“The building is going to lose about 20 years of age just in old technology that's going away,” Edgar said. “There's going to be a visual appearance that folks haven't seen yet.

“On our convention center side, we have had carpet that has been walked over more than a million times – well more than a million times – that’s getting replaced. So, it's kind of de-aging the building, and I think that leads to excitement and excitement leads to more activity.”

One major project that still lacks a definitive timeline is replacing the outdated ice plant for the Carver Arena hockey rink. The city’s funding package intended to facilitate that replacement so the Peoria Rivermen could remain one of the venue’s primary tenants.

In January, the Rivermen and the Peoria Civic Center Authority (PCCA) agreed to a one-year extension of the hockey team’s current lease, running through the SPHL’s 2024-25 season.

“I can tell you that there is ongoing conversations between the PCCA and the Rivermen for a long-term contract extension, and that would impact the long-term planning on the ice plant,” said Edgar, noting the project will take the arena offline for a significant period of time once the project starts.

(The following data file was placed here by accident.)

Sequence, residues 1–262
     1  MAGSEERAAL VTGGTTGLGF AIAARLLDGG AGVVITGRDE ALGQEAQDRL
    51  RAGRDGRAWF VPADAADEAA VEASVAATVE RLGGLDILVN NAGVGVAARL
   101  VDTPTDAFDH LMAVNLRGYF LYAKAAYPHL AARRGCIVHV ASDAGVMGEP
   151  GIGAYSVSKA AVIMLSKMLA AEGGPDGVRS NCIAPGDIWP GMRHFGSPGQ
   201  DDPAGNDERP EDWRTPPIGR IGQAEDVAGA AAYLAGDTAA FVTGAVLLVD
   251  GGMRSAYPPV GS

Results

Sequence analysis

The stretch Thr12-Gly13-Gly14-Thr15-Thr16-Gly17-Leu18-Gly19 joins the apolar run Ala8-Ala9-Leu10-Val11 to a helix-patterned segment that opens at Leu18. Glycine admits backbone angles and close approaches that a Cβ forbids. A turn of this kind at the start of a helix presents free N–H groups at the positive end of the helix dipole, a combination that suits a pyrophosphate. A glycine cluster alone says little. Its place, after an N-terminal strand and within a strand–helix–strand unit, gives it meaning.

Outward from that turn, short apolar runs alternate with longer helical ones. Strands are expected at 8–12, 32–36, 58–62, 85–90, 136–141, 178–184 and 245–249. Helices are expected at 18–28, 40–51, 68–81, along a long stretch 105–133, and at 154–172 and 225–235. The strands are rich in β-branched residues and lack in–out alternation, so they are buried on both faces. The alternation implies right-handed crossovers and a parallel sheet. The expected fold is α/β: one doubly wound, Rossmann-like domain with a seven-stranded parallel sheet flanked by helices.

Rik Edgar
Rik Edgar

“We know that it will not happen this summer,” he said. “The earliest that that project could possibly take place would be ’25. But that's going to depend on the negotiations.”

A strong quarter

Figures published recently in Pollstar magazine, a trade industry publication for concert and live music venues, ranked the Peoria Civic Center at No. 38 in the U.S. for tickets sold over the three-month period from mid-November to Valentine’s Day – at more than 46,000.